A strategy using concentric circles can help team leaders to maintain situational awareness when they are dealing with and overseeing to a clinical incident
NHS team leaders are often in a position where they have to not only manage and control a clinical situation but also become actively involved in delivering patient care because of low staffing levels or inappropriate skill mixes. This increases the potential for loss of situational awareness and risk to patient and staff safety. “Inner and outer circles” offers a strategy that could reduce risks and increase patient safety. It is used in pre-hospital and industrial environments and could easily be adapted to inpatient and other settings.
Citation: Dickinson M, Pimblett M (2014) A strategy to maintain safety in clinical incidents. Nursing Times; 110: 34/35, 16-18.
Authors: Mike Dickinson is human patient simulation training facilitator/emergency nurse practitioner; Mark Pimblett is hi-tech clinical skills trainer; both at Lancashire Teaching Hospitals Foundation Trust
- This article has been double-blind peer reviewed
- Scroll down to read the article or download a print-friendly PDF including any tables and figures
Clinical incidents and emergencies require quick responses from health professionals, and it is important that any leader retains an overall awareness of the situation to ensure team members are responding appropriately and making the correct decision or intervention. Unfortunately, team leaders are also often required to become centrally involved in responding to the incident, making it difficult for them to maintain situational awareness.
Situational awareness, leadership, team working and decision making are key human factors or non-technical skills that influence patient safety and clinical management. In 2010, a total of 1,139,774 clinical incidents were reported in the health service (National Patient Safety Agency, 2011); human error is likely to have been part of the error chain in 70% of these (NHS Institute for Innovation and Improvement, 2010).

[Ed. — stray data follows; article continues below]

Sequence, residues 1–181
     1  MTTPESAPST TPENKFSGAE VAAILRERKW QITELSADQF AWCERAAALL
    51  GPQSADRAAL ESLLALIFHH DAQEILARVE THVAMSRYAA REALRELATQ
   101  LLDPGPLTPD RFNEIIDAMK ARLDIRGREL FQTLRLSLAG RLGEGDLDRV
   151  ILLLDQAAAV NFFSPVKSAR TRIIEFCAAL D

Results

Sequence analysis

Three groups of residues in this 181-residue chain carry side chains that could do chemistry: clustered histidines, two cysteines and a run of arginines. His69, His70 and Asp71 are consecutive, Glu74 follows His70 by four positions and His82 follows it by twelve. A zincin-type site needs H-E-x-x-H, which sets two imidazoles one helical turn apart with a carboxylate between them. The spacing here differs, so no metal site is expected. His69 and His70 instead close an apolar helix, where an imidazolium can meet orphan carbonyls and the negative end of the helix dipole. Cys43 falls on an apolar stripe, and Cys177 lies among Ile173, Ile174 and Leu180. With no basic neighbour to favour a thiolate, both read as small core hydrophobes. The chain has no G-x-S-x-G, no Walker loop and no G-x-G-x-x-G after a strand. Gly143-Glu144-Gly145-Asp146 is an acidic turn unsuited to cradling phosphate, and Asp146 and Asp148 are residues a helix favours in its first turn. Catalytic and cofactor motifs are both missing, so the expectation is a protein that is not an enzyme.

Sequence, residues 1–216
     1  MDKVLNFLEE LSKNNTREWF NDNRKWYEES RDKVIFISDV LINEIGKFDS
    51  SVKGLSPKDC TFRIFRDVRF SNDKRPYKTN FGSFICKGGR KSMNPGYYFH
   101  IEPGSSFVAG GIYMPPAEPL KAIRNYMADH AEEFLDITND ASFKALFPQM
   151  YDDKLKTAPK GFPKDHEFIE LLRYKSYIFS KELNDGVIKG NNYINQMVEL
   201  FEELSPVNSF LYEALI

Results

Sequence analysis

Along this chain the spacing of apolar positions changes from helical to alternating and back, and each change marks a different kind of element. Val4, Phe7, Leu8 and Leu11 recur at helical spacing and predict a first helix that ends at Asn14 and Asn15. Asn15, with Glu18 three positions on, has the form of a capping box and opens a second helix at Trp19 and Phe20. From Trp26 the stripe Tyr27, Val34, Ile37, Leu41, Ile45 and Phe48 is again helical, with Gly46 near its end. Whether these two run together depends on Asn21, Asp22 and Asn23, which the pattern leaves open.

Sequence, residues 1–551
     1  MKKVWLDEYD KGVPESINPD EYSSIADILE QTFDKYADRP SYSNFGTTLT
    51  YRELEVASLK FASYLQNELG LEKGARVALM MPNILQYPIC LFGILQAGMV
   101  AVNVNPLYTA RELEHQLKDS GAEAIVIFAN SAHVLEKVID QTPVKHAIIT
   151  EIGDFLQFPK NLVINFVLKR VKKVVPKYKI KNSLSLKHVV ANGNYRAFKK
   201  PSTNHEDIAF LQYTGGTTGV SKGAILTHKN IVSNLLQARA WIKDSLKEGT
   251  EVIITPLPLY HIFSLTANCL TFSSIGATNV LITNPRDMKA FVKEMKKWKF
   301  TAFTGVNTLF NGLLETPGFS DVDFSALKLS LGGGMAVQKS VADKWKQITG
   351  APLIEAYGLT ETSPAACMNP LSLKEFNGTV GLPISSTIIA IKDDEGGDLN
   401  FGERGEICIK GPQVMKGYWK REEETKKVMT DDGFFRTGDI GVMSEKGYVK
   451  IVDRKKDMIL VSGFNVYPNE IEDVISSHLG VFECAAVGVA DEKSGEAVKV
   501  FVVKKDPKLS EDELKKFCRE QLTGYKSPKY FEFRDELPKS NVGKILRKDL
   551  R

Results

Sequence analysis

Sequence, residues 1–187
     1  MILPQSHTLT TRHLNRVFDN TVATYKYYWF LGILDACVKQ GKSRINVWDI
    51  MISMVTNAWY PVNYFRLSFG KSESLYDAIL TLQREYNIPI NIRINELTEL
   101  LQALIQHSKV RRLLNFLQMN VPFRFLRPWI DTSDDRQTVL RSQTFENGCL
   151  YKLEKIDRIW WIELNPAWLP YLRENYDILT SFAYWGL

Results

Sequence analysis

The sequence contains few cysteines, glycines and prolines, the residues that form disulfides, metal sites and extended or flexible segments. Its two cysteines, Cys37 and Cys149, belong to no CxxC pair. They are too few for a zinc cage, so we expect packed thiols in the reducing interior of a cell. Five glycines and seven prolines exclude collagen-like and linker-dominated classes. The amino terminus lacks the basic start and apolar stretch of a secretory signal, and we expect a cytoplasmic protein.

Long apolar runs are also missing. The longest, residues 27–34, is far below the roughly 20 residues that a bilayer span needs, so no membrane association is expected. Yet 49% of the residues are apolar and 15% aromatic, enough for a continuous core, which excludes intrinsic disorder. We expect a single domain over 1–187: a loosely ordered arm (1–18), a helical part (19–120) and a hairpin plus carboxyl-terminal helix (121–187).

It is only in recent years that the health service has started to review and adopt many of the principles that have been tried and tested in other high-risk industries.
In the late 1970s, aviation researchers discovered that human error contributed to more than 85% of aircraft accidents. In To Err is Human (Kohn et al, 2000), the Institute of Medicine in the US highlighted the need to initiate training around human factors within the health system, in a similar way as had been done in other high-risk industries, to reduce harmful incidents.
In 2009, a how-to guide to implementing human factors in healthcare (Patient Safety First, 2009) used a number of incidents involving harm to patients to highlight how human errors can occur even when extremely experienced clinicians are involved - sometimes with devastating or fatal consequences. These have included the case of Elaine Bromiley, who died as a result of hypoxic brain injury following a series of errors in managing her airway before routine surgery. Reason (2000) has said that: “Great doctors are not the ones that never make errors, rather they are people who expect errors to happen and have strategies in place to cope with them before these adverse events cause harm to a patient.”
Strategy to address human factors
In 2007, Mrs Bromiley’s husband, who is an airline pilot trainer, set up the Clinical Human Factors Group, a coalition of health professionals, managers, service users and experts in human factors from healthcare and other high-risk industries. The group campaigns for change in the NHS, and has done much to increase awareness of how human factors affect patient safety.
Nurses and allied health professionals are increasingly taking the lead in clinical situations, and many administrative decisions that have a direct influence on patient care are often taken by non-clinical staff. For this reason it is crucial that all staff involved in patient management are aware of human factors and their influences - not only on the patient directly, but also indirectly on staff morale, job satisfaction and the working environment.
The “inner and outer circles” strategy, which is used in other sectors of healthcare and the emergency services, could be adopted to improve patient care in hospitals or other clinical environments.